WASHINGTON, D.C. – U.S. Rep. Charlie Dent (PA-15) today issued the following statement in advance of President Barack Obama’s 2012 State of the Union address:
“Tonight, President Obama will outline his vision for 2012, focusing on proposals he hopes will accelerate our economic recovery and help Americans get back to work. Clearly, the task of revitalizing the American economy has been daunting and difficult. After three years in office, the President unfortunately has little to show for his efforts. Due to this lack of results, I am hopeful President Obama will tonight offer fresh ideas and embrace advantageous proposals he previously overlooked, rather than rebrand the failed policies of the past.
“Reports indicate the President will address the importance of enhancing American energy security. I continue to believe the promotion of an all-of-the-above approach – one that advances the development of alternative, renewable and traditional sources of energy – is in the country’s best interest. This strategy will not only support job growth in a crucial manufacturing sector, but provide the energy to fuel our economic recovery. Despite last week’s rejection by the President of the vital Keystone XL pipeline project, which would have created thousands of American jobs and supplied the nation with reliable energy from our trusted ally Canada, I hope he will call for greater domestic energy production from a variety of sources, including coal, oil and natural gas.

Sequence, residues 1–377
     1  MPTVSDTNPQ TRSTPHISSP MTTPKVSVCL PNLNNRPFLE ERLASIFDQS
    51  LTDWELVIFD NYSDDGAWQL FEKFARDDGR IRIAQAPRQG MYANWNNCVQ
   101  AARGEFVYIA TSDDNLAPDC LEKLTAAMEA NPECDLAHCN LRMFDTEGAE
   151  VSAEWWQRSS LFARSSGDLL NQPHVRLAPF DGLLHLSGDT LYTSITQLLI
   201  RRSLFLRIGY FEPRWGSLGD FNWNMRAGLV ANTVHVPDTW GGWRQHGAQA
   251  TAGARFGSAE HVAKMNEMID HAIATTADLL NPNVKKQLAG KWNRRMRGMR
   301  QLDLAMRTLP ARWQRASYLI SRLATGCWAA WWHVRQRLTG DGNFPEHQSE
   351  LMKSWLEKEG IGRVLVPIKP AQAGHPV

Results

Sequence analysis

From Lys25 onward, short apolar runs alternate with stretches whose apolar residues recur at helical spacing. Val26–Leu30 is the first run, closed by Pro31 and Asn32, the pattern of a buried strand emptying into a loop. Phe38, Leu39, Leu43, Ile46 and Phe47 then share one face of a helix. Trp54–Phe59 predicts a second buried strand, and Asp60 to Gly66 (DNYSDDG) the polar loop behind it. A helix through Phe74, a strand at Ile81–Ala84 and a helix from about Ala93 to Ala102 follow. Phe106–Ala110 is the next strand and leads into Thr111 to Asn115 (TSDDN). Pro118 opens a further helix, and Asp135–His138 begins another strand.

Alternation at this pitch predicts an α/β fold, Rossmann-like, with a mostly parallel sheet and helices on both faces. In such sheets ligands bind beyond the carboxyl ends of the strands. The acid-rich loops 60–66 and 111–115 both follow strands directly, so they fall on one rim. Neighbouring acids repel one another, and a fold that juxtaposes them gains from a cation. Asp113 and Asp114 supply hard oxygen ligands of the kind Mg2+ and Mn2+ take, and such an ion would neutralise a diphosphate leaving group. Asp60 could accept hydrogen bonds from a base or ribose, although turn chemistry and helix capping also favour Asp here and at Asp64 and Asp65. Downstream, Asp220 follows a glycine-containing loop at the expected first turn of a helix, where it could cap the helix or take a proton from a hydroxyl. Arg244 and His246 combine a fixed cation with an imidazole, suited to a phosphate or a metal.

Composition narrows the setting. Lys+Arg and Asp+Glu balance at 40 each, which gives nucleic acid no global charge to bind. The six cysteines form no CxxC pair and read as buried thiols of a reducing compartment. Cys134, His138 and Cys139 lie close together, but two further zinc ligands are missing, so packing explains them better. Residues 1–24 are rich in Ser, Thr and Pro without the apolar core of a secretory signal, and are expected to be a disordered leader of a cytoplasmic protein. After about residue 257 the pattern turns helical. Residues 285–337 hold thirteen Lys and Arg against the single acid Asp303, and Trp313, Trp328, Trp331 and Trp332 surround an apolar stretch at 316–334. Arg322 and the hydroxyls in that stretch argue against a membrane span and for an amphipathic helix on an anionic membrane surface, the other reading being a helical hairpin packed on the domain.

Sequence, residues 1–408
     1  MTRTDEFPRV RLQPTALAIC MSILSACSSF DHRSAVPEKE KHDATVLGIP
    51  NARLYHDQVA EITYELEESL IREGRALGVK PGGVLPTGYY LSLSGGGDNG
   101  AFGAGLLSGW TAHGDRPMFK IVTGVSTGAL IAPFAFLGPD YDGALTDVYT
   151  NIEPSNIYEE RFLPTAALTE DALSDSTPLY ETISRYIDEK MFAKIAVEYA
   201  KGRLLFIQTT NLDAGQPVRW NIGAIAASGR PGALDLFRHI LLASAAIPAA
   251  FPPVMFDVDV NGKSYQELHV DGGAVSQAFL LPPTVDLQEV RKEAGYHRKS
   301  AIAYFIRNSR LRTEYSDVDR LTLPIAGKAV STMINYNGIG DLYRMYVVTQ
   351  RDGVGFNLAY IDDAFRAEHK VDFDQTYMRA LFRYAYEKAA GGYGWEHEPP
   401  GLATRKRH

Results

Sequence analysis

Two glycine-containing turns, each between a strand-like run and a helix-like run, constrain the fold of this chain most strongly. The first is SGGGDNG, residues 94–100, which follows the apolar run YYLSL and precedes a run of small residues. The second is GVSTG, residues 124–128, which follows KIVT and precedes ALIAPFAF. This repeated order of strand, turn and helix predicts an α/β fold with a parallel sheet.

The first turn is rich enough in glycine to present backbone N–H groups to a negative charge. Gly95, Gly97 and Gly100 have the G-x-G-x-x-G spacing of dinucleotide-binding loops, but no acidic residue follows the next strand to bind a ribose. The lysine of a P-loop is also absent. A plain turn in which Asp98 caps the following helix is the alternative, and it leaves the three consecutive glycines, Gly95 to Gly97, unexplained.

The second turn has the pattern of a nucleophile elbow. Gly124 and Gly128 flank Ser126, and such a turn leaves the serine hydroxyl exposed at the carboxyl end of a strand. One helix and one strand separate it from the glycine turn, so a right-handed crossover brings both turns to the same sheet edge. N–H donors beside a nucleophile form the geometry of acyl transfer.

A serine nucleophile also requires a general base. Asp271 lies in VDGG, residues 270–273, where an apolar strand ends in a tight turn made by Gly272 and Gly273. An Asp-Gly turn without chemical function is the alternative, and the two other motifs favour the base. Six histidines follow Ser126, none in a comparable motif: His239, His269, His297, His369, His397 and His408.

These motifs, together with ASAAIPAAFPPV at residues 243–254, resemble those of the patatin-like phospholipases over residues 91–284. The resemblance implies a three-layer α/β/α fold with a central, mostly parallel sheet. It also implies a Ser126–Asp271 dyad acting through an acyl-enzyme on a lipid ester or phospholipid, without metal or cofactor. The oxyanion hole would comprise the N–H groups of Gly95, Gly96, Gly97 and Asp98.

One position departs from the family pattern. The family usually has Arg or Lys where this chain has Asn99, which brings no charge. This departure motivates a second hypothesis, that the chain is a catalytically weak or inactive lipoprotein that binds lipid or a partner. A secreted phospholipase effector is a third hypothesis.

“This evening, the President is also expected to outline his plans to encourage growth in American manufacturing. While I agree steps must be taken immediately to preserve our global manufacturing dominance, I am concerned the President’s actions may fall short of his rhetoric. I am hopeful tonight’s address will include substantial commitments to reversing the recent trend of unattainable and counterproductive regulations.
“Rather than promoting punitive measures that will ultimately impact job creators, including countless small businesses, I would like to hear the President call for the completion of comprehensive tax reform in 2012. I am one of a growing number of elected officials who believe substantial reforms can be achieved this year, but not without the President’s leadership. Repeating the tired proposals of the past will only prolong the current partisan stalemate. But President Obama’s support for comprehensive tax reform that limits or eliminates loopholes and preferences, lowers marginal rates and broadens the base could convince both parties a transformational agreement is within reach.”